Introducing Philip Goff and a panpsychic universe (Introduction)

by David Turell @, Thursday, November 16, 2023, 18:49 (157 days ago)

He sees purposeful activity:

"Today, I am hosting the British philosopher Philip Goff, a professor at Durham University in England. He is a strong proponent of panpsychism, which the New Oxford American Dictionary defines as, “The doctrine or belief that everything material, however small, has an element of individual consciousness.”

"Goff just published a new book this week, Why? The Purpose of the Universe, where he masterfully presents his defense of this worldview, connecting it with a much needed way of addressing not only the challenging nature of consciousness but also our search for meaning beyond a strictly material reality.


"Panpsychism is the theory that consciousness goes down to the fundamental building of matter. Fundamental particles or fields have incredibly rudimentary forms of consciousness, and the complex consciousness of the human and animal brain is somehow built up from these more basic forms of consciousness.


"For its proponents, it offers an attractive middle way between the extravagant belief in the soul on the one hand, and the reductionist “there’s only brain chemistry” view, which I think ultimately denies the reality of consciousness itself.


"Either it’s just an incredible fluke that the numbers in our physics are right for life — an option too improbable to take seriously — or the relevant numbers in our physics are as they are because they are the right numbers for life; in other words, that there is some kind of directedness toward life at the fundamental level. That’s weird, and not how we expected science to turn out. But we should follow the evidence where it leads, without being influenced by our cultural prejudices.

"For many, there is a third option: the multiverse. And for a long time, I thought the multiverse was the best explanation of fine-tuning. But over a long period of time, I was persuaded by philosophers of probability that the inference from fine-tuning to a multiverse commits the inverse gambler’s fallacy.

"...the inverse gambler’s fallacy — as our observational evidence concerns the good fortune of a particular individual, and the number of people elsewhere in the casino has no bearing on how likely it is that this particular person will play well.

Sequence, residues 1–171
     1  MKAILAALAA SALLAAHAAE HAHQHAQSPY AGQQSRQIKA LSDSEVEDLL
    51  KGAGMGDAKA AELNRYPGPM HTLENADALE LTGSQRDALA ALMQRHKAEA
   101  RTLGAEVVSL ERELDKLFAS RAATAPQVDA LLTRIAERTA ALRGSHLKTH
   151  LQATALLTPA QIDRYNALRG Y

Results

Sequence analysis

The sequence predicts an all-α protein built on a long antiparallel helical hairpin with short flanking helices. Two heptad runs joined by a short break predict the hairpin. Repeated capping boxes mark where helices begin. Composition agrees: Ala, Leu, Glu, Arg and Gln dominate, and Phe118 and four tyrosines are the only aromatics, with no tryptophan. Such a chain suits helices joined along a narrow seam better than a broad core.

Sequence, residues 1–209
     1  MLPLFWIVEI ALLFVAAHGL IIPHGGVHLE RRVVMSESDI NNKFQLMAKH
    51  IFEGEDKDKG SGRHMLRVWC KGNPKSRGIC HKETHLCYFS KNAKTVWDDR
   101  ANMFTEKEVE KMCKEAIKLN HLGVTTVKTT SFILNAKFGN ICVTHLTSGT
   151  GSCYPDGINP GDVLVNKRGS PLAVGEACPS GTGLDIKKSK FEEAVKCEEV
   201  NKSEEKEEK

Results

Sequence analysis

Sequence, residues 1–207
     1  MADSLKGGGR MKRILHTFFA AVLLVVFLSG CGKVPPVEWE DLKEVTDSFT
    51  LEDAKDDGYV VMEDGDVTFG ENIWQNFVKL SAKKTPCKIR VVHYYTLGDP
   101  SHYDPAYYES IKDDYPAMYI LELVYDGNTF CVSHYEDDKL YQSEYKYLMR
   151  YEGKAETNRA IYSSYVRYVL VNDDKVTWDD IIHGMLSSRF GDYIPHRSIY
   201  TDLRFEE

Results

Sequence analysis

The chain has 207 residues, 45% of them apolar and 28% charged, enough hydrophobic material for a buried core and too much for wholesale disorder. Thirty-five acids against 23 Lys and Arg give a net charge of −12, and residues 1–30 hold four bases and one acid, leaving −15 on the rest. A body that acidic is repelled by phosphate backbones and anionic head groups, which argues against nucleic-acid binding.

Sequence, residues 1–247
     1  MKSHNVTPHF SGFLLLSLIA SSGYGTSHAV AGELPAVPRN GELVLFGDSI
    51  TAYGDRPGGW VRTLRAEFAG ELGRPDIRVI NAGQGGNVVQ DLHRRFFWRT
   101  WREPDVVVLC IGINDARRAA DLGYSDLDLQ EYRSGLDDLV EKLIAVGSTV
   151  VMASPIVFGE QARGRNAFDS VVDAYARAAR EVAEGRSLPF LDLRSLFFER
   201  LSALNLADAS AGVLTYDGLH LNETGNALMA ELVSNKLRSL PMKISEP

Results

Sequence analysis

"This flawed reasoning is indiscernible from that of the multiverse theorist. Our observational evidence is that this universe is fine-tuned, and the number of other universes that are out there has no bearing on how likely it is that this universe is fine-tuned. Of course, there’s a lot more to say about the anthropic selection effect, and the alleged scientific case for the multiverse, and I go into all this in the book.


"Pan-agentialism is the view that not only consciousness but also rational agency goes right down to the fundamental building blocks of reality. Obviously, particles can’t deliberate or do probabilistic reasoning, but I think we can make sense of the idea that they are responding rationally to incredibly basic desires.

"I propose this as a solution to the deep and under-explored challenge of accounting for the evolution of consciousness. Rapid progress in AI and robotics has made it clear that you could have incredibly complex behavior without any kind of inner experience. So why didn’t natural selection make survival mechanisms — that is, extremely complicated biological robots which track features of their environment and respond with behavior conducive to survival without being conscious? I believe we need something like pan-agentialism to address this challenge.


"The Universe being conscious is not as extravagant a hypothesis as you might think. Physics is just mathematical structure, and there must be something that underlies that structure, something that “breathes fire into the equations,” as Stephen Hawking put it. I argue that the hypothesis that it’s a conscious mind that “breathes fire into the equations” is as parsimonious as any other proposal, and it has the advantage of explaining fine-tuning. As for why it took so long, this isn’t an omnipotent God but rather an entity that pursues certain goals under significant limitations — those recorded by the laws of physics.

"We need a hypothesis that accounts for both the goal-directedness evidenced in the fine-tuning of physics for life, but also the arbitrariness and gratuitous suffering we find in the world. Cosmopsychism sounds weird, but it accounts for the data.

Comment: Goff's answer with his pan-agentialism view in next entry. Note this interview discuses fine-tuning for life, but nothing about the design in living organisms. This is a GLARING error in his approach. It must be a major part of the discussion.

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